Newspapers Publish Extras As Part of War Coverage
Newspapers Publish Extras As Part of War Coverage
The Associated Press
Jan. 18, 1991
Undated (AP) _ Extra 3/8 EXTRA 3/8
Newspapers across the nation on Thursday put out extra editions - some for the first time since World War II - and printed wraparound sections to trumpet the news of the U.S. bombardment of Iraq.
The Dallas Times Herald's special afternoon edition carried the headline ''WE POUR IT ON'' and replaced its usual U.S. and Texas flags on its front page with U.S. and U.N. flags.
The Houston Post published a 12-page afternoon extra. It was the first time that the morning newspaper put out such an edition since Nov. 22, 1963, when President Kennedy was assassinated.
The banner headline read: ''More Bombs Rain on Iraq.''
In the nation's capital, The Washington Post published what the newspaper called a ''PM Extra,'' which included late dispatches from its Middle East correspondents.
Post spokeswoman Virginia Rodriguez said the extra edition was the newspaper's first since Jan. 20, 1981, when U.S. hostages held in Iran were freed.
The Washington Times put out a 16-page extra edition to supplement its regular two printings Thursday.
Spokeswoman Linda Clark said 60,000 copies of the extra edition were published. It was the third special edition for the newspaper in less than a year. The first was printed on Jan. 19, 1990 after then-District of Columbia Mayor Marion Barry was arrested. The second was published on Aug. 11, 1990 after Barry's conviction of misdemeanor cocaine possession.
The Saint Paul Pioneer Press published its first extra since 1981 after the assassination attempt on President Reagan. The special edition was on the streets by midday Thursday.
The decision to publish the extra was made early Thursday as the newspaper's regular edition went to press, said Mary Junck, publisher and president of the Minnesota paper.
''News from the Mideast is unfolding so quickly and so dramatically,'' said Walker Lundy, editor and senior vice president. The newspaper pulled all advertising from the first section and devoted 14 full pages to war coverage.
The Chicago Sun-Times, a morning paper, put out a 16-page special edition that was on the streets by 11:30 a.m. The paper also increased its evening wraparound Final Markets Plus edition to 28 pages, most of that devoted to Gulf developments.
An afternoon paper, the Austin Daily Herald, published a Thursday morning edition because of the war.
In Iowa, the Mount Pleasant News and the Muscatine Journal, both afternoon papers, published extra morning editions for street and rack sales. The morning Globe Gazette of Mason City also ran off an afternoon edition for street and rack sales.
The Creston News-Advertiser, also in Iowa, added a ribbon on the ''C'' on its front page with this explanation: ''The ribbon is our show of support for all military personnel participating in Desert Storm. The ribbon will stay there until the conflict ends.''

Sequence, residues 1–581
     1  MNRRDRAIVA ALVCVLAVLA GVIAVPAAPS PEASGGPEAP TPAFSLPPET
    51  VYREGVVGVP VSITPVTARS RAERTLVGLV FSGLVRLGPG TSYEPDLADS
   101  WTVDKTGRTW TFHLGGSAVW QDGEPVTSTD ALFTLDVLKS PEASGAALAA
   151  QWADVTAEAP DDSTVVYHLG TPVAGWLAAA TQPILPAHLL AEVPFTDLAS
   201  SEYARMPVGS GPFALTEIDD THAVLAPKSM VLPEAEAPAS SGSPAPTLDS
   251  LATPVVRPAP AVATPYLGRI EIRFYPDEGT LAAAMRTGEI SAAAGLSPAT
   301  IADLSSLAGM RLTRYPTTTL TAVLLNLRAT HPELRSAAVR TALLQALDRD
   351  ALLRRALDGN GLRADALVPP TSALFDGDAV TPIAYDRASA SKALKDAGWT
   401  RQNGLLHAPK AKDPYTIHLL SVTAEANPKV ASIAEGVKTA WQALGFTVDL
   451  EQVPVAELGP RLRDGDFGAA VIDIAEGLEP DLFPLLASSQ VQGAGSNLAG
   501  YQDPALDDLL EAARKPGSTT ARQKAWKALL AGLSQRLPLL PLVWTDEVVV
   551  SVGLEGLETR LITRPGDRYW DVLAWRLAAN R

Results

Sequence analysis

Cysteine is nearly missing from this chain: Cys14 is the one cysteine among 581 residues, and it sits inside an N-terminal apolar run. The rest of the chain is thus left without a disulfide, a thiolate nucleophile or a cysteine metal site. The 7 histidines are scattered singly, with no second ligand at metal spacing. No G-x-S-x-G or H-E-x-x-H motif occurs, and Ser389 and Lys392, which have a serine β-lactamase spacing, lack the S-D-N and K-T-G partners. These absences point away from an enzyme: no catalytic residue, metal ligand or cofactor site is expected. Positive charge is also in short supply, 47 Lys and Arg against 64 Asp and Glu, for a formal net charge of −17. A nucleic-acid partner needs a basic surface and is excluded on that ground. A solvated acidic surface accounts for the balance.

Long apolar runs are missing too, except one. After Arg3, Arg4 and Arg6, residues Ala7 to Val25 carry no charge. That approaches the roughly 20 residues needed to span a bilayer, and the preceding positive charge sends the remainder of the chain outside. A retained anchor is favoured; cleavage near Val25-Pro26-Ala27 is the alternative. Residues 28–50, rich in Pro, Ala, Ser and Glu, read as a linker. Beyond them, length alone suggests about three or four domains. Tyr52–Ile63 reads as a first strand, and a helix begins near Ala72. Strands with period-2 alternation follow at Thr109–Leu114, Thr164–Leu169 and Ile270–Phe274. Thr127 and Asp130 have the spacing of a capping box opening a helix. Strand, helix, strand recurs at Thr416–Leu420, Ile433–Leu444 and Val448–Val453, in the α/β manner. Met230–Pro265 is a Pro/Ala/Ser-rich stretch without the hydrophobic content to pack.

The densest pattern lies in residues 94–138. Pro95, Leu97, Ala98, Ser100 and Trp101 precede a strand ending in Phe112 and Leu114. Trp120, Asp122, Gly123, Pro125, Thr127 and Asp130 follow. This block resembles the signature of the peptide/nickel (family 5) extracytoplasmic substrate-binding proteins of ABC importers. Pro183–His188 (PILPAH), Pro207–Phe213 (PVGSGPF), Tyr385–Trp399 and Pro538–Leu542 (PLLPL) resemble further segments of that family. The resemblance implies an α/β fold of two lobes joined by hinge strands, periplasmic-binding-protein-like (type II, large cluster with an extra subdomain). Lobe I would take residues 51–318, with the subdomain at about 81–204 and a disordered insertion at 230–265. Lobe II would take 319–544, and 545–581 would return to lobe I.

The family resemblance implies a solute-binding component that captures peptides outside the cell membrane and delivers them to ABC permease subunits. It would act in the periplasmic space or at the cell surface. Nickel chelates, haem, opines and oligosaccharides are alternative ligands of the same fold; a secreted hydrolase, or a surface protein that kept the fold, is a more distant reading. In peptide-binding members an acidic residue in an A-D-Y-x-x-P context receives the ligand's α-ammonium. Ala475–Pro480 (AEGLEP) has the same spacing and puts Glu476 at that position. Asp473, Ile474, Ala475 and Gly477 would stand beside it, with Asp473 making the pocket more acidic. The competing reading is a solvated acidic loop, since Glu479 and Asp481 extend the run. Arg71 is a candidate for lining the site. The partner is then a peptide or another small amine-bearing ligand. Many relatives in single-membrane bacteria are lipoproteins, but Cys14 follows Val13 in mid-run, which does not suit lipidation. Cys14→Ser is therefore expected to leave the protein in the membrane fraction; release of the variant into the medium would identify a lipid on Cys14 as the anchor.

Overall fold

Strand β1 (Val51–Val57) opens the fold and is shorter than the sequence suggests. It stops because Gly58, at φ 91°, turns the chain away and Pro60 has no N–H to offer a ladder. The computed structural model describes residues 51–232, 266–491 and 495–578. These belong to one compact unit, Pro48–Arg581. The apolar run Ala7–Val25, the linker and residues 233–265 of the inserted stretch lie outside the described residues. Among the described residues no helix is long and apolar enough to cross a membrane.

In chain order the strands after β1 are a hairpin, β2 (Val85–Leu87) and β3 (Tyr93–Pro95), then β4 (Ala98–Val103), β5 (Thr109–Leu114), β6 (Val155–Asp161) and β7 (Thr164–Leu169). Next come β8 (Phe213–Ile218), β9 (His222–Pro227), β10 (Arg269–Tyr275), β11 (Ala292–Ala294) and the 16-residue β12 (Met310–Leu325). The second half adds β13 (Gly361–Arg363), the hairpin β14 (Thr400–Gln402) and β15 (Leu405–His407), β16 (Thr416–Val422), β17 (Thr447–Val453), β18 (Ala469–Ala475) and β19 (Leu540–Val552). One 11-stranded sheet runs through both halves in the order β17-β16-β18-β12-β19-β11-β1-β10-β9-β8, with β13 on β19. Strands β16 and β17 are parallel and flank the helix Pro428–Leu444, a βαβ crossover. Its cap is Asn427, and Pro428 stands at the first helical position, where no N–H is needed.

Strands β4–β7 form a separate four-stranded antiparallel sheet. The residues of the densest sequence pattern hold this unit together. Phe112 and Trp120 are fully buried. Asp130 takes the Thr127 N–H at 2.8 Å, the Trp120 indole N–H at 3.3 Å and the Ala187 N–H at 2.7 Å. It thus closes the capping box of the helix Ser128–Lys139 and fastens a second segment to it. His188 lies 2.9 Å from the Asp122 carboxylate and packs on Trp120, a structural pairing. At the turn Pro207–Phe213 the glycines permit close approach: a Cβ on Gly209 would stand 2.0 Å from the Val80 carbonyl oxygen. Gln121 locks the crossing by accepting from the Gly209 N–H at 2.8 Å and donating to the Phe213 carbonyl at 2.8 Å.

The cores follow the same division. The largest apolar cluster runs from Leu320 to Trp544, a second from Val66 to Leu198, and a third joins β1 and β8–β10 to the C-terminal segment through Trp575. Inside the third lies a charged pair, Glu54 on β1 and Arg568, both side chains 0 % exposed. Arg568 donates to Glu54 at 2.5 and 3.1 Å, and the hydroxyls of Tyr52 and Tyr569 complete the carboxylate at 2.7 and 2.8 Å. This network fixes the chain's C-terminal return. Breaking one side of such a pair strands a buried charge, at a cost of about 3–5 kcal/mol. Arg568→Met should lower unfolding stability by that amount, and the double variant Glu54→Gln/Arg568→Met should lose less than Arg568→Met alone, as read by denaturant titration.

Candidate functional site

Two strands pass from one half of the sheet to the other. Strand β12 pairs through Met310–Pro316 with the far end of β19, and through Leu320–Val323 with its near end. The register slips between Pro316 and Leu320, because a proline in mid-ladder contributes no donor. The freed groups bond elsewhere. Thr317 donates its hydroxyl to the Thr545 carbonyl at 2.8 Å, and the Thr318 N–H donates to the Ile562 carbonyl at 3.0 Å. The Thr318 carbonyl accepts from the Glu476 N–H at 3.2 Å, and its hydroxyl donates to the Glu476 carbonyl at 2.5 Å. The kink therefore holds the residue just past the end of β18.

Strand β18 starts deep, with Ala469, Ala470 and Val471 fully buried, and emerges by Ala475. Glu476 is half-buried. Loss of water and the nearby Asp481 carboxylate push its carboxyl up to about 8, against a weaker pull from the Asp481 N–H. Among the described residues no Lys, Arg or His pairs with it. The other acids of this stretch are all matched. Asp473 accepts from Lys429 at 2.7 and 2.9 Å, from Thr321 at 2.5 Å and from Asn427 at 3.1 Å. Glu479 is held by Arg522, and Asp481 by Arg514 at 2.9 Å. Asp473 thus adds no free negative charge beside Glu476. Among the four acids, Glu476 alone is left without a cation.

The Chattanooga News-Free Press in Tennessee used red ink to blare ''WAR 3/8'' in 3-inch letters, with blue stars above and below.
''I remember when I was a little boy on my way to Sunday School on Sept. 3, 1939, passing a newsboy ... who had a newspaper announcing World War II,'' said Lee Anderson, editor and publisher of afternoon paper. ''Remembering that day sparked me to do something similar.''
Massachusetts' two largest daily newspapers published extra editions Thursday.
The Boston Globe printed 50,000 copies of a special edition at midmorning, said Globe spokesman Richard Gulla. The paper also printed an extra 80,000 copies of its regular morning edition, he said. A Friday late edition was planned as well.
''The last extra we did was with the San Francisco earthquake'' in October 1989, he said.
The Boston Herald, which published an extra just last month when an Amtrak train collided with a commuter train, printed 52,000 special editions and added 90,000 papers to its regular morning run, said Herald spokeswoman Roberta Flaherty.
''People, especially commuters, wanted to get as much information on the developments in the Gulf as possible,'' said Managing Editor Alan Eisner.
The Hartford Courant in Connecticut printed 15,000 copies of an extra edition Thursday, said spokeswoman Sandy Antonelli. She said it was the first special edition of the morning paper since the Japanese bombed Pearl Harbor on Dec. 7, 1941.
The evening Anchorage Times in Alaska, which printed an extra edition Wednesday with the headline ''BAGHDAD BOMBED,'' published a special Thursday afternoon edition of 35,000 copies and delivered it free to subscribers. A Friday extra was in the works, editors said.
The Hanover Evening Sun, an afternoon paper in south-central Pennsylvania, hit the streets Thursday about 5 a.m. with a special 10-page war edition. ''We planned to go with an edition as soon as war broke out,'' said Editor Wayne Lowman.
The Detroit News printed 100,000 copies of an extra edition bearing a one- word headline - 'WAR' - in 5-inch-high letters. It was a complete sellout, said suburban editor Judy Diebolt.
Elsewhere in Michigan, the Kalamazoo Gazette published a wraparound edition it hawked on street corners, and Midland and Battle Creek, both afternoon papers, published special morning editions.
In Nebraska, the Omaha World-Herald, the state's largest newspaper, published an extra edition, as did The Lincoln Star and Columbus Telegram.
USA Today, which regularly publishes Monday through Friday, announced it would publish a special Saturday edition.